Because of the trade restrictions and low tax rates imposed by Spain on the Philippines, the islands wasn’t generating enough income to maintain the colony. So Nueva España covers the deficit.
There was a Special Judicial court, the Residencia, that investigates the performance of the outgoing Ph Governor Generals to ascertain wether or not they had faithfully and honestly fulfilled their duties. This practice was discontinued by the 1800′s. (It is also impt to note that, although this was implemented with good intentions, it kinda backfired and encouraged more corruption)
There were a lot of missionaries sent to Philippines that watched over the natives and made sure they were not abused by the government officials. Though around this time, they were probably more lovable than those in the late 1800′s.
As previously stated [x], New Spain was mostly in charge of military defense.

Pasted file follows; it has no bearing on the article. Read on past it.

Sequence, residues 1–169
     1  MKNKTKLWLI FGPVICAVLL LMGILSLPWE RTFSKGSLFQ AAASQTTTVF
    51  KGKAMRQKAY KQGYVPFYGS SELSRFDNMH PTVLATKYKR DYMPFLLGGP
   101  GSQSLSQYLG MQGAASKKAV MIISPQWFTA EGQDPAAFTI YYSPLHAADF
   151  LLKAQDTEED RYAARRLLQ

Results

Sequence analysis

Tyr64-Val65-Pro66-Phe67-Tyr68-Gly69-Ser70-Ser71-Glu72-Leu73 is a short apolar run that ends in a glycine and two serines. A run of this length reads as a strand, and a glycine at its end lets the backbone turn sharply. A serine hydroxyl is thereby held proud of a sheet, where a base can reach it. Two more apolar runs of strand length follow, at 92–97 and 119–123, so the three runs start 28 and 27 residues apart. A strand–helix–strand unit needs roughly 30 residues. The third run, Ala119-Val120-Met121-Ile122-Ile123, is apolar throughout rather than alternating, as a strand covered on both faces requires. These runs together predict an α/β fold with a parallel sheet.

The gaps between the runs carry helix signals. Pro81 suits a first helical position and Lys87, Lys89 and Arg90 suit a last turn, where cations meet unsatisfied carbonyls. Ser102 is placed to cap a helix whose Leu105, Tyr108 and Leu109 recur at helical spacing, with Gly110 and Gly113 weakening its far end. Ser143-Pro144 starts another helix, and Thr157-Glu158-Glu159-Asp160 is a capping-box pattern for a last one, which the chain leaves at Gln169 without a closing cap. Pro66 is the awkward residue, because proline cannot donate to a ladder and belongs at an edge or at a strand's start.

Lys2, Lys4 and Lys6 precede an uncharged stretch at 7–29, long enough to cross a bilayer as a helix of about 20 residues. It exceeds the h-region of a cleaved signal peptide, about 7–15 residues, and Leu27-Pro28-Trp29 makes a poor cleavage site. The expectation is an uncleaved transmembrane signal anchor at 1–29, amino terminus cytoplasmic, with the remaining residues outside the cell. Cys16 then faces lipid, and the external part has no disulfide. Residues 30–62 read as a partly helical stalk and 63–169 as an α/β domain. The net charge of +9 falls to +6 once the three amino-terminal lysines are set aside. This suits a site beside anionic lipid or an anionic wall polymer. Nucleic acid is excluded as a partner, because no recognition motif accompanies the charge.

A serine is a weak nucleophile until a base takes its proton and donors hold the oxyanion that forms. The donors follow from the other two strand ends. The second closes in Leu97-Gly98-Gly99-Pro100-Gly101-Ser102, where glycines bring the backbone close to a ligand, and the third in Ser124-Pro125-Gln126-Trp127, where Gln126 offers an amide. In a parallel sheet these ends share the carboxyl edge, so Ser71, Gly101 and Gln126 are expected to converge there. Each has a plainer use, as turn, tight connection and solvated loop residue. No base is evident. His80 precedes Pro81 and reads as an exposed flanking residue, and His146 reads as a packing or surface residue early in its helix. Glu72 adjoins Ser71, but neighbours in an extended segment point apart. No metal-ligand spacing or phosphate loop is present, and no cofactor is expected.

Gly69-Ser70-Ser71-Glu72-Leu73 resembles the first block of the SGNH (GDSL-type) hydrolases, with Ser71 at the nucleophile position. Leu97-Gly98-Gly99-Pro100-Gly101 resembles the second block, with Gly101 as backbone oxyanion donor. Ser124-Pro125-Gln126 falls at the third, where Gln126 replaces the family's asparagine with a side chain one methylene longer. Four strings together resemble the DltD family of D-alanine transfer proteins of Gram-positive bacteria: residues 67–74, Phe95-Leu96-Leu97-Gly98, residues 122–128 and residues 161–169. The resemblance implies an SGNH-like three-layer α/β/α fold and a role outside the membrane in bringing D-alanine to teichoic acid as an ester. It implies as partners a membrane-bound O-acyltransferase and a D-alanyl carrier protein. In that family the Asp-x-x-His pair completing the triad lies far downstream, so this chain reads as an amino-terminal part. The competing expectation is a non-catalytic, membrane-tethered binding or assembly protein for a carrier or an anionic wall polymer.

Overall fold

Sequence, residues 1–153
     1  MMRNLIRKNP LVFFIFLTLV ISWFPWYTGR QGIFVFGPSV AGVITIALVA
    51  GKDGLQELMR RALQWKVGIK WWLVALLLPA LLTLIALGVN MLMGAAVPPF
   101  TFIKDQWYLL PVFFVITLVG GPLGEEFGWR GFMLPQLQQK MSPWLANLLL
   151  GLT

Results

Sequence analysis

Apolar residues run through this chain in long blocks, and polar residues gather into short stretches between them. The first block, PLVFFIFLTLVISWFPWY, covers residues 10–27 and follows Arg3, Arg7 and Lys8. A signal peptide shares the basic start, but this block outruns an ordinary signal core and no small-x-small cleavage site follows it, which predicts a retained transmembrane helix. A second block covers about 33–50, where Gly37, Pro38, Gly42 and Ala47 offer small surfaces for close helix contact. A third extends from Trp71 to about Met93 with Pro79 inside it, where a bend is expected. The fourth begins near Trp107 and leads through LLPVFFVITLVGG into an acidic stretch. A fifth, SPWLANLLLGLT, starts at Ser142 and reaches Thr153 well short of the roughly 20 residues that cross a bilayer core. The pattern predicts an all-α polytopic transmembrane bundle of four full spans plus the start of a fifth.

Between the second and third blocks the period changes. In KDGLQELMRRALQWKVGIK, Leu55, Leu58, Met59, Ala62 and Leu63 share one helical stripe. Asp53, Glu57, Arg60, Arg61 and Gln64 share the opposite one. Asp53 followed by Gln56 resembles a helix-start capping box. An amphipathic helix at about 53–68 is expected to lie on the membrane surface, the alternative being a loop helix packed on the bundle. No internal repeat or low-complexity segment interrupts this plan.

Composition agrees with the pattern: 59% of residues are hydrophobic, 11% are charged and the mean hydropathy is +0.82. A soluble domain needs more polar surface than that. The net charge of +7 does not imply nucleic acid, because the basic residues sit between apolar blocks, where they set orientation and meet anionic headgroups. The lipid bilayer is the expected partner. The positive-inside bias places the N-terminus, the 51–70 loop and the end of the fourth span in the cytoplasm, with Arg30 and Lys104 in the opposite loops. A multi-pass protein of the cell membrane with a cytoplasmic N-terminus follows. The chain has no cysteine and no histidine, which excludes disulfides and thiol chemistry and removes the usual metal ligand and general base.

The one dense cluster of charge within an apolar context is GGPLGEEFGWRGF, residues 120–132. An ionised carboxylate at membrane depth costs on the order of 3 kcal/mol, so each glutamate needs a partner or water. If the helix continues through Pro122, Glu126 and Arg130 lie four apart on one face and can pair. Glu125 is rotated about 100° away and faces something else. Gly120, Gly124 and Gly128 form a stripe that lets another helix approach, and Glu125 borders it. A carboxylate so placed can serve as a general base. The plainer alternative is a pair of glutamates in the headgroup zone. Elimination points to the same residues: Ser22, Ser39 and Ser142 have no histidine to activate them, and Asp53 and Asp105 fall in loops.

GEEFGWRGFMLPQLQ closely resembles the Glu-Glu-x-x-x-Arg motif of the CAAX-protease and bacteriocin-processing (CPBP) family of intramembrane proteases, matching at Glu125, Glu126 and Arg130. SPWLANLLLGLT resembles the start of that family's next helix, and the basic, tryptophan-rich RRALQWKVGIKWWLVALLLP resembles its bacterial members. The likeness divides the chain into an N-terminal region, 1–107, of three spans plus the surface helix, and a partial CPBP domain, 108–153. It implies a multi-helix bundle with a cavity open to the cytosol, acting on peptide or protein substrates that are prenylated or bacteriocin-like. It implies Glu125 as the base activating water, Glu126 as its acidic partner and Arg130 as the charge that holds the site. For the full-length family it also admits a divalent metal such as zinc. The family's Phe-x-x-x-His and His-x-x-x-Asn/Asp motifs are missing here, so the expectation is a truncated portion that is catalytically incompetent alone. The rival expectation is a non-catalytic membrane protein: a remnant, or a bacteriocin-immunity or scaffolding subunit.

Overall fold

A European author (I forgot who 0w0;;) said that Manila, the capital, was very lively when the Galleon ships return from Nueva España, it was practically a fiesta. It was for an obvious reasons, those ships bring a lot of money to the islands.
After the ships leave, it gets boring again and everyone is broke from too much partying and gambling.
I’ve mentioned before that I haven’t read any articles during Nueva España’s time, but it seems that one of the biggest problem in the Ph during the Spanish period was pirates.
I’ve noticed too that the usual solution when there is civil unrest was to send in the Catholic missionaries to appease the natives. I guess using religion to take advantage of a superstitious nation was a much better option than using violence.
Except in major cities, the priest is often the only European allowed to live in local communities. They have taken on a patriarchal role and the natives listen to and believe in everything they say (EVERYTHING), making them indispensable in the colony.